However, one had to weigh this tough public posture by Washington’s men on the spot in Afghanistan by comparing it with the frequent praise that top US government functionaries, ranging from President George W. Bush to Foreign Secretary Colin Powell and from Defense Secretary Donald Rumsfeld to Deputy Foreign Secretary Richard Armitage, shower on Pakistan and President Musharraf on account of his contribution to the war on terror. No doubt that it is a calculated policy aimed at keeping Pakistan in good humour as well as under constant pressure. Moreover, one is aware that a few days before his outburst against Pakistan, General Barno rang up Corps Commander Peshawar, Lt. Gen. Safdar Hussain, to congratulate and thank him for formulating a policy that would isolate Al-Qaeda by draining it of its local support in South Waziristan. In fact, the US general reportedly told his Pakistani counterpart that there had been no cross-border raid by Pakistan-based militants in Afghanistan for more than three weeks after the army operation and the initiation of the reconciliation process in South Waziristan.

Lt. Gen. Safdar Hussain, who served in the ISI’s analysis wing before his promotion and appointment as Corps Commander Peshawar, is very optimistic about the success of his political-military strategy in regard to dealing with homegrown Islamic militants and their foreign guests in South Waziristan. He had barely taken over when the government asked him to send his troops to South Waziristan to deal with the militants after they had routed and killed 15 militiamen from the paramilitary Frontier Corps in an ambush near Azam Warsak.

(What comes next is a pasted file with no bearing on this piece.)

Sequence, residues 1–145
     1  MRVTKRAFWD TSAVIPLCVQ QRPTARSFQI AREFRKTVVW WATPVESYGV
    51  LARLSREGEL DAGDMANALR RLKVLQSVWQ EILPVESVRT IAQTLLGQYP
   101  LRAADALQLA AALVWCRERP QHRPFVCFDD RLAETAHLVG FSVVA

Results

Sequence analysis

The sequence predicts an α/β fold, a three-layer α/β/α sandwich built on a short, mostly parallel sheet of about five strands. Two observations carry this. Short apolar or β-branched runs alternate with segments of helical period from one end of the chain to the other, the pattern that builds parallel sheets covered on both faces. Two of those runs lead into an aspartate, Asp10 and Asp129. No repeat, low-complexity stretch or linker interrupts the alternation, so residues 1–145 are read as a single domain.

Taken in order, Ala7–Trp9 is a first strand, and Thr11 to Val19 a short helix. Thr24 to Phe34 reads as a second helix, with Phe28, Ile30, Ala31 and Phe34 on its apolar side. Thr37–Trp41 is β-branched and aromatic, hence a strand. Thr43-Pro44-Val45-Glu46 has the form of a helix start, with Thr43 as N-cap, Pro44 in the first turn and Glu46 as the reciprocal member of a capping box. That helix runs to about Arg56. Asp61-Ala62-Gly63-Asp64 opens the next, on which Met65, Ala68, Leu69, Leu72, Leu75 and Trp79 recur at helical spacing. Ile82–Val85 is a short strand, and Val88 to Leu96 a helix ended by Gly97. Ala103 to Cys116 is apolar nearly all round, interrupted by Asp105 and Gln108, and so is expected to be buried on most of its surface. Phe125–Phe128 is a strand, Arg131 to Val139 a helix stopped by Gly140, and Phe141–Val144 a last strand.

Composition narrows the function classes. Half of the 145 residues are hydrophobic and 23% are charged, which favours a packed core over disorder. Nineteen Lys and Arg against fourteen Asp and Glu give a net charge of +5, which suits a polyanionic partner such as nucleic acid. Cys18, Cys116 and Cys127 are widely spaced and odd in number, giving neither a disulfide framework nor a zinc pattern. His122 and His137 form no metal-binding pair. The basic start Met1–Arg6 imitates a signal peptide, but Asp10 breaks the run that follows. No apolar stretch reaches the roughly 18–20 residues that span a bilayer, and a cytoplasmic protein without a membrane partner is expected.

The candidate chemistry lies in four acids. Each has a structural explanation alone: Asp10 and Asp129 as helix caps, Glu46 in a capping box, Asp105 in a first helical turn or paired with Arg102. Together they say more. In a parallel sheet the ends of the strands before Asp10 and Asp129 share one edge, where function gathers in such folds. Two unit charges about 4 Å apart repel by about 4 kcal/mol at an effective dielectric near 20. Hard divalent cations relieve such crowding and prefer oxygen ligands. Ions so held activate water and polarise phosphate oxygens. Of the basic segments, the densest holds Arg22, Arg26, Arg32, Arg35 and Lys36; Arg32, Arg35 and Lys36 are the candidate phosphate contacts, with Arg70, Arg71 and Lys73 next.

As he kept losing soldiers in combat with the battle-hardened tribal militants and the collateral damage caused by the military operation increasingly engendered the ire of the tribesmen against the army, the Corps Commander reflected on how he could win the trust of the tribespeople. He realised pushing a development agenda — i.e. bringing schools, clinics, roads, electricity and enlightenment to the under-developed and conservative tribal areas such as South Waziristan — would be a vital step in that direction. Furthermore, it would deny the militants favourable conditions for their sustenance.

The militants recognised that real power in the country was wielded only by the Pakistan army and it could be expected to deliver on its promises. Besides, they trusted no one else. The corps commander also realised the compulsions of the militants, who wanted a face-saving agreement after having declared “jihad” against the Musharraf government.